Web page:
How about the site of the 1986 Chernobyl nuclear disaster!
Warning sign at the first passport check-point located 30 km out from the plant. We went through a second passport check-point at 10 km from the plant.
Nathan Lichti and his wife were visiting family friends in the Ukraine this May. So why not visit the site of a nuclear reactor meltdown? Thirty years ago, one of the largest environmental disasters resulted in the permanent evacuation of over 300,000 people and economic losses estimated at hundreds of billions of dollars.
A 10 Km radius around the nuclear plant will be uninhabitable for hundreds of years. But that doesn’t mean you can’t take a tour of the disaster area! Everyone entering the zone has to wear Geiger counters to record radiation in-take.
One of the more surprising observations was how quickly nature reclaims areas abandoned by humans. “We were driving through what looked like a bush road when they told us we were in the middle of the town of Pripyat…it wasn’t until we got out of the van and walked through some trees that we started finding buildings.”
This Ferris wheel was part of the Pripyat Amusement Park to be opened for May Day celebrations on May 1, 1986. Unfortunately, the Chernobyl disaster occurred on April 26, one week before scheduled opening. Our tour guide said the park was briefly opened on April 27 to distract residents before the announcement to evacuate the city was made.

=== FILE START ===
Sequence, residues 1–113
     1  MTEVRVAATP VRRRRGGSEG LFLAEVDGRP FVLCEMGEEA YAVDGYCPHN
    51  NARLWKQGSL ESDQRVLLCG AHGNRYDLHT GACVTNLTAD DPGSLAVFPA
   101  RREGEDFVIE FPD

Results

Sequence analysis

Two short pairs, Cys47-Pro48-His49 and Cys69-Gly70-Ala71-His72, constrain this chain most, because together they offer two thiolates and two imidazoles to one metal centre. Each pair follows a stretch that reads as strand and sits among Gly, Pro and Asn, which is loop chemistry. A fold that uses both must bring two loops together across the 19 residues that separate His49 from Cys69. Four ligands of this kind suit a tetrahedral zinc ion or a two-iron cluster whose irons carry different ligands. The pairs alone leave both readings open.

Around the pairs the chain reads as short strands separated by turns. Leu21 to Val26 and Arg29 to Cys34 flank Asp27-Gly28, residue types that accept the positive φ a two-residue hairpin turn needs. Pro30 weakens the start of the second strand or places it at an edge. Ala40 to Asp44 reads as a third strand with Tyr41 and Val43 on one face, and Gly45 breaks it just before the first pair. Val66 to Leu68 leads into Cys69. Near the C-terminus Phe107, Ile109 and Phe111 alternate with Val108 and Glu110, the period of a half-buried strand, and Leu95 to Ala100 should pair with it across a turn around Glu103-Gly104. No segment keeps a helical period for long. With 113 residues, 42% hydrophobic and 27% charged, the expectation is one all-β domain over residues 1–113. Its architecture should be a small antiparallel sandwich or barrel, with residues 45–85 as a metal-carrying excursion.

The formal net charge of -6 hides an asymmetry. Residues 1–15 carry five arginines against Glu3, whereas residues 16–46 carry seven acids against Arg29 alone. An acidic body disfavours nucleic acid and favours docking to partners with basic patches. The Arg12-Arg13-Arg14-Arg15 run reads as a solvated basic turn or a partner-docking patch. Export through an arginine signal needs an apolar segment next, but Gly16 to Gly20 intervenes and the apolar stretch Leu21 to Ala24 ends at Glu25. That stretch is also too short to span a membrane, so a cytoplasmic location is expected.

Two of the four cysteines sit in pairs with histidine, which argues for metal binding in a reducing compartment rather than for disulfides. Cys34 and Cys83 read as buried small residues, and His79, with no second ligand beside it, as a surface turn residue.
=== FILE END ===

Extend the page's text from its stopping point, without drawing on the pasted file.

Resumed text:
Perhaps this would not be everyone’s idea of a place to visit while on vacation, but there is no doubt that the Chernobyl nuclear disaster holds interest for scientists and engineers, and also serves as an important historical lesson on technological safety that should not be forgotten.
These rusted bumper cars were located next to the Ferris wheel as part of the Pripyat Amusement Park.
This elementary school classroom was in a local village within the Chernobyl exclusion zone. The initial evacuation announcement was for residents to re-locate for 3 days, and so books and everything was just left as is. Now 30 years later, the schools and villages are still unsafe for human occupation.
This doll was fitted with a child’s gas mask; an eerie symbol of the disaster.
Monument commemorating those who lost their lives in the Chernobyl disaster. The Nuclear Plant Reactor #4 is in the centre background (in front of the orange and white stack).
We visited an abandoned Soviet military base near the Chernobyl power plant. This antennae array was used as part of the Soviet early-warning missile detection.
My Geiger counter to track radiation in-take.